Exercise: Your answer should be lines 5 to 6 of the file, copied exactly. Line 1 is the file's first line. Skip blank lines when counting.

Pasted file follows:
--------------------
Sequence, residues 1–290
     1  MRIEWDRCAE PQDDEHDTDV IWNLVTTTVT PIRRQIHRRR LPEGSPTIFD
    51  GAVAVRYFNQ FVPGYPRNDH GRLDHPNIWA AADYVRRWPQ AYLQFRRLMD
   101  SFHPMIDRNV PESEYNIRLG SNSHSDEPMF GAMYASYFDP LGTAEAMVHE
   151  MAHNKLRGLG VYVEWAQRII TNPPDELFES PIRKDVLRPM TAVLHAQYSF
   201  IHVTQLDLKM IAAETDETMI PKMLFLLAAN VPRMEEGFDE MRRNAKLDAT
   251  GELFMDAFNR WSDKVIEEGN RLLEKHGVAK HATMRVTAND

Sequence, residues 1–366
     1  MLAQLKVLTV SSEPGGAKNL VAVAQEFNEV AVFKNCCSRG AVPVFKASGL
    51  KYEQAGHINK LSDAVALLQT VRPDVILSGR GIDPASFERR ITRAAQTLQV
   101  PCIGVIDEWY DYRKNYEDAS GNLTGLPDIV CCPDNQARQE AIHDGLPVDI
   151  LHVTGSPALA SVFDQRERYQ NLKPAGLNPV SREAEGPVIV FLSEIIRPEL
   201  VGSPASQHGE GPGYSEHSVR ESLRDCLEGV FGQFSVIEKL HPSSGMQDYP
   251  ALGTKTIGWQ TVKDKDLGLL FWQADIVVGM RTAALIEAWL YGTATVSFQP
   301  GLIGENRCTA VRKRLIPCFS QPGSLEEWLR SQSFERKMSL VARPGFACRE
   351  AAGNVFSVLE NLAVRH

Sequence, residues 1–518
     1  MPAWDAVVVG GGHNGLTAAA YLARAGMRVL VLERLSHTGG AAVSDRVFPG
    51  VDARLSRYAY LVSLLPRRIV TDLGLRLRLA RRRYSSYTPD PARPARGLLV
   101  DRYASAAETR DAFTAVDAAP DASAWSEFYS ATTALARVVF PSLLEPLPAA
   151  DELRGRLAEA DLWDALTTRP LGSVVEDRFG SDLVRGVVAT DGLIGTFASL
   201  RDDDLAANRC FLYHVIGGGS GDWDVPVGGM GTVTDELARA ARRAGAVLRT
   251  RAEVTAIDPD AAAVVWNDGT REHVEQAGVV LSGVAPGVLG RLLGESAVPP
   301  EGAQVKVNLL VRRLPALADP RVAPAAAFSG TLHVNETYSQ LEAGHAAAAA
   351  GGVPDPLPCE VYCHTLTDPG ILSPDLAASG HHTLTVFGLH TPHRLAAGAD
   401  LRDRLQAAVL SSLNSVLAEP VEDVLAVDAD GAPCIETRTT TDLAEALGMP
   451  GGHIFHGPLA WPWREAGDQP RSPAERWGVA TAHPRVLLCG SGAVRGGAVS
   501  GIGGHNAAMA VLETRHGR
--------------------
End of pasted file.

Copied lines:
   151  MAHNKLRGLG VYVEWAQRII TNPPDELFES PIRKDVLRPM TAVLHAQYSF
   201  IHVTQLDLKM IAAETDETMI PKMLFLLAAN VPRMEEGFDE MRRNAKLDAT